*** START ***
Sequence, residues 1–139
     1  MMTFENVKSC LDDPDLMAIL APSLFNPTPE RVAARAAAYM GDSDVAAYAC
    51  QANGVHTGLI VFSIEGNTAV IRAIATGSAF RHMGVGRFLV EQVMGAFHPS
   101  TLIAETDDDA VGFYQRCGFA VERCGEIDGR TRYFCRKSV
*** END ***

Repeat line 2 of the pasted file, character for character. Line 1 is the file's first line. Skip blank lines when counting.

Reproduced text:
     1  MMTFENVKSC LDDPDLMAIL APSLFNPTPE RVAARAAAYM GDSDVAAYAC